Bloomberg reports, “The Purchasing Managers’ Index (CPMINDX) was at 50.4, the National Bureau of Statistics and China Federation of Logistics and Purchasing said today in Beijing, less than the 50.5 median estimate of 38 analysts in a Bloomberg News survey. March’s reading was 50.3, with numbers above 50 signaling expansion.”
Meager gains signal a cooling Chinese economy. Although the Purchasing Managers’ Index (PMI) points to slight growth, economists believe the country’s economy isn’t quite growing at the rate it should. The manufacturing sector is especially weak in its exports, but overall, the economy is recovering at a less than desirable rate.
According to the Associated Press, “Chinese leaders are trying to steer the economy to more sustainable growth based on domestic consumption instead of trade and investment. But they have launched several mini-stimulus efforts when it appeared to be cooling too sharply.”
In conjunction with the low-key data, manufacturers continue to miss their goal. In particular, Chinese-based footwear and apparel manufacturing could take a turn for the worse if Nike shifts production outside of the country.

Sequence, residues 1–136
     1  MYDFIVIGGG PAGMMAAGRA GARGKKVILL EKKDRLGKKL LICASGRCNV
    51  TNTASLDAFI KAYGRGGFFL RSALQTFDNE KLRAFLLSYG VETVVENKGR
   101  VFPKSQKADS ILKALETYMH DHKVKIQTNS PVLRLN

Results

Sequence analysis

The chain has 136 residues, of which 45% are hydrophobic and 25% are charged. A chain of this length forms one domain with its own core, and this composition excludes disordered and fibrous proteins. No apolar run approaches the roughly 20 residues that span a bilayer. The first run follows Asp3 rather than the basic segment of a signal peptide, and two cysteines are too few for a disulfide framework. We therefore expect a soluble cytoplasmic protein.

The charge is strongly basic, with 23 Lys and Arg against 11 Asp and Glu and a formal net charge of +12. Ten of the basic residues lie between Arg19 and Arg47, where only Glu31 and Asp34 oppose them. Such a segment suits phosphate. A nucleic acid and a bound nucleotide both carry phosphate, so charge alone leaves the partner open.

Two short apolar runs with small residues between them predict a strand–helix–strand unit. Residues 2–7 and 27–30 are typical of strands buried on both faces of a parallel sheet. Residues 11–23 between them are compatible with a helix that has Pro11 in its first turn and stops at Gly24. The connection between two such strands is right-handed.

A report by Reuters notes, “Thousands of shoe factory workers staged one of China’s biggest strikes earlier this month over conditions at Hong Kong-listed Yue Yuen Industrial Holdings Ltd (0551.HK) – a $5.6 billion manufacturer of footwear for Nike Inc. (NKE.N), Adidas (ADSGn.DE) and other international brands. Most of those workers have since returned to work after the company agreed to some of their demands.”
There’s no word yet on where Nike will shift its production base and whether it will remain in China at all.
Despite all the signs of weakness within footwear manufacturing, some analysts still see the light at the end of the economic tunnel. According to The Wall Street Journal, “The small gains may reflect an acceleration of government spending on railways and other infrastructure.”